Q. What are the part numbers of the G.SDSL HWICs?
A. Two new G.SHDSL HWICs are available:
• 2-pairG.SHDSL HWIC (HWIC-2SHDSL)
• 4-pair G.SHDSL HWIC with IMA (HWIC-4SHDSL)
Q. What G.SHDSL chipset do the G.SHDSL HWICs use?
A. The G.SHDSL HWICs are based on the Infineon Socrates-bis chipset.
Q. When will the G.SHDSL HWICs be available?
A. The G.SHDSL HWICs are available now.
Q. What Cisco IOS® Software release is required?
A. The routers supporting the hardware will need to run Cisco IOS Release per Table 1.
Cisco 1841, 2801, 2811, 2821, 2851, 3825, and 3845
IP Base and up
Cisco 1941, 2911, 2951, 3925, and 3945
IP Base and up
Q. How many G.SHDSL HWICS can be installed in a Cisco 1841, 1941, 2800, 2900, 3800, and 3900 Series Integrated Services Routers?
A. Table 2 gives the number of G.SHDSL HWICs supported on each platform.
Table 2. Number of G.SHDSL HWICs Supported by Cisco Integrated Services Routers
Maximum G.SHDSL HWICs per Platform
Cisco 1841, 1941 and 2801
Cisco 2811 through Cisco 2851, and Cisco 3825 through Cisco 3845
Cisco 2911 through Cisco 2951, and Cisco 3925 through Cisco 3945
Q. How do the G.SHDSL HWICs differ from the 1-port G.SHDSL WIC with part number WIC-1SHDSL-V3?
A. Other than the fact the interface to the routers is HWIC versus WIC, Table 3 identifies the major differences in the offering.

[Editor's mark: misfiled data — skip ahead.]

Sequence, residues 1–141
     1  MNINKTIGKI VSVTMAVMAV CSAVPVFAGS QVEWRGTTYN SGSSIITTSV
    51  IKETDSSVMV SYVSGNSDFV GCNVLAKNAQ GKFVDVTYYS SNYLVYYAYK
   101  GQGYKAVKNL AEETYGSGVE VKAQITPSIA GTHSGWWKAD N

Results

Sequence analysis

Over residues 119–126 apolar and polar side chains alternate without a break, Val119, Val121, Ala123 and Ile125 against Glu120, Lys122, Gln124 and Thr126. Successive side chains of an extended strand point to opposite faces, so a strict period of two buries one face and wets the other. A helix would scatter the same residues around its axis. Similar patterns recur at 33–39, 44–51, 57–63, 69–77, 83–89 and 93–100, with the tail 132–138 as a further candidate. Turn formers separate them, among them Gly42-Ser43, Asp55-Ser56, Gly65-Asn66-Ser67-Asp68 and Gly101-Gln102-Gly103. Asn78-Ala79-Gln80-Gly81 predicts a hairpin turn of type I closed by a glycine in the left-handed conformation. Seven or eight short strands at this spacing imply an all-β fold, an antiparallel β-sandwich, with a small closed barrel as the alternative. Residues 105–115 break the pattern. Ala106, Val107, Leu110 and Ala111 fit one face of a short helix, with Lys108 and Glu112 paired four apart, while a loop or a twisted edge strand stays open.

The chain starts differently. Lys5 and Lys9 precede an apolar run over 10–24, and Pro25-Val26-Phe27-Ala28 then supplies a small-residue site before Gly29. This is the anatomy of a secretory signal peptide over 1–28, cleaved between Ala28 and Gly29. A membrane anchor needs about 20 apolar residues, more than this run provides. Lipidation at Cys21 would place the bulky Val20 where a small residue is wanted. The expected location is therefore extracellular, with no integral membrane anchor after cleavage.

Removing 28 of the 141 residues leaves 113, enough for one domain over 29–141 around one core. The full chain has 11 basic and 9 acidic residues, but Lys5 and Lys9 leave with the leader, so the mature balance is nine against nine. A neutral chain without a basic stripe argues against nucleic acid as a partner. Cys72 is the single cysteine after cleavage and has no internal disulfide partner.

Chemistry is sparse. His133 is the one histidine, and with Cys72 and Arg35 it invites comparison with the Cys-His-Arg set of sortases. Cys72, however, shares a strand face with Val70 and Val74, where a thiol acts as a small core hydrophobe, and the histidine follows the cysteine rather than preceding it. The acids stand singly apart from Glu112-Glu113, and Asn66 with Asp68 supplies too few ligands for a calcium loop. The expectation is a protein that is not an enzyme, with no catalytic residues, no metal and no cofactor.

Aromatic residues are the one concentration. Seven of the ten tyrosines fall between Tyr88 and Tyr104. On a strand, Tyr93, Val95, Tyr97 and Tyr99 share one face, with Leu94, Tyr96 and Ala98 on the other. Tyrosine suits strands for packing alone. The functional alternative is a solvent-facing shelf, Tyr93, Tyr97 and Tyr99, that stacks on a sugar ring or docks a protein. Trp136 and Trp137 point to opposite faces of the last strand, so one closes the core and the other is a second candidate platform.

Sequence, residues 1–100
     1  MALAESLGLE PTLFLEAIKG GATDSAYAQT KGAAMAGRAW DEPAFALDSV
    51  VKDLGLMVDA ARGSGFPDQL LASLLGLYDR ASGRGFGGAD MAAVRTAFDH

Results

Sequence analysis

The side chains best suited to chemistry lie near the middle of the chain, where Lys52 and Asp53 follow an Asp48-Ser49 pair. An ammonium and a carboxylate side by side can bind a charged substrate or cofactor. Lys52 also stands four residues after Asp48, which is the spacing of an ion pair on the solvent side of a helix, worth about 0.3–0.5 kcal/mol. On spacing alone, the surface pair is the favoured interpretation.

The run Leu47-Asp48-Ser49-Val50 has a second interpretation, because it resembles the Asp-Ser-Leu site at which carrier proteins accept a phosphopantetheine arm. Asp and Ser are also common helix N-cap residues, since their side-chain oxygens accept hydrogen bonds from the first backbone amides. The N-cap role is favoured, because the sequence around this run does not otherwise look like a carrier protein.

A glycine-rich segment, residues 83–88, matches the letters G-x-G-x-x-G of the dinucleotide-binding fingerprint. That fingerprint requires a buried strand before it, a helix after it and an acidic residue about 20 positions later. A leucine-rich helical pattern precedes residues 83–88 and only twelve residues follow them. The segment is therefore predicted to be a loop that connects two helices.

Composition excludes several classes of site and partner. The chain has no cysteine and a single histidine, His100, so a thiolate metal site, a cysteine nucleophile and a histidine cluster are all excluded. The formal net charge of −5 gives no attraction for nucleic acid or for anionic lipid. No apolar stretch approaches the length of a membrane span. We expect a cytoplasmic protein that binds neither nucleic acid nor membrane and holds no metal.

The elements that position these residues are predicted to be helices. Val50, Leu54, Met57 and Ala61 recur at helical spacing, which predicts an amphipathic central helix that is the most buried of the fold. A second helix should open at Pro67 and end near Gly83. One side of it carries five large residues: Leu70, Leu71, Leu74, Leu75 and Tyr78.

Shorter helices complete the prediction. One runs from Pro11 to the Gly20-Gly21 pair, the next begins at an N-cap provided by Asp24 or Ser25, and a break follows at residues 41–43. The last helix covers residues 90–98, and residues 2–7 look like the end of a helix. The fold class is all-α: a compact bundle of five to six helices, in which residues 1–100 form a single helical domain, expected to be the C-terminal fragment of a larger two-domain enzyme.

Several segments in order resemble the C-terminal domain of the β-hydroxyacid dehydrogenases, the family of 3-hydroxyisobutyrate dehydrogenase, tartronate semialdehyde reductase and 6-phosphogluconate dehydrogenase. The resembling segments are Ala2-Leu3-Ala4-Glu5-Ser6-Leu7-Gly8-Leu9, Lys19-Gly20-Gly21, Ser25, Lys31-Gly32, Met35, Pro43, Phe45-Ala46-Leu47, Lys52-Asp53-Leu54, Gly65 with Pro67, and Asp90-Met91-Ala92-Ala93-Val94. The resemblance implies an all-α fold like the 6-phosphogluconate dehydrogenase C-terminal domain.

Table 3. Differences between G.SHDSL HWICs and WIC-1SHDSL-V3
Features, Parts, and Firmware
G.SHDSL WIC (WIC-1SHDSL-V3)
2-pair G.SHDSL HWIC (HWIC-2SHDSL)
4-pair G.SHDSL HWIC (HWIC-4SHDSL)
Two- or 4-wire support
Annexes A and B
Annexes F and G
m-pair bonding with Annexes F and G
16-TCPAM and 32-TCPAM
16-TCPAM and 32-TCPAM
Q. What data rates are supported by the G.SHDSL HWICs?
A. Table 4 lists the data rates supported by the G.SHDSL HWICs.
Table 4. Data Rates Supported by G.SHDSL HWICs
4-pair G.SHDSL HWIC
2-pair G.SHDSL HWIC
192-2304 kbps per pair
Aggregate data rate-2-wire, Annexes A and B
Aggregate data rate-4-wire, Annexes A and B
Aggregate data rate-2-wire, Annexes F and G
Aggregate data rate-4-wire, Annexes F and G
1536-11392 kbps (768-5696 kbps per pair)
Aggregate data rate-m-pair, Annexes F and G (m = 3)
2304-12288 kbps (768-4096 kbps per pair)
Aggregate data rate-m-pair, Annexes F and G (m = 4)
3072-16384 kbps (768-4096 kbps per pair)
Q. Do the G.SHDSL HWICs comply with G.hs?
A. G.hs is an integral part of G.992.1, the standard that the HWICs comply with, so the G.SHDSL HWICs do comply with G.hs, also known as G.994.1.
Q. Which DSLAMs interoperate with the G.SHDSL HWICs?
A. The G.SHDSL HWICs interoperate with the following DSLAMs :
• Alcatel ASAM 7300 (12-port Conexant-based line card)
• ECI HiFocus SAM 480 (16-port Infineon-based line card)
• Lucent Stinger FS (48- and 72-port Conexant-based line cards)
Q. Is network timing reference (NTR) supported?
A. No, NTR is currently not supported on the G.SHDSL HWICs.
Q. Is T1/E1 mode supported on the G.SHDSL HWICs?
A. No, T1/E1 mode is not supported on the G.SHDSL HWICs.
Q. What is dying gasp, and is this feature supported on the G.SHDSL HWICs?
A. Dying gasp (power status bit) allows a customer's customer premises equipment (CPE) router to automatically notify the service provider DSLAM if a power failure occurs. The CPE sends a low-level embedded operations channel (EOC) message, dying gasp, to the central-site DSLAM, which identifies that a line was lost because of loss in CPE power. It allows service providers to conclude that a connectivity loss is beyond their responsibilities. The 4-pair G.SHDSL HWIC (HWIC-4SHDSL) does not support dying gasp, but the 2-pair G.SHDSL HWIC (HWIC-2SHDSL) does.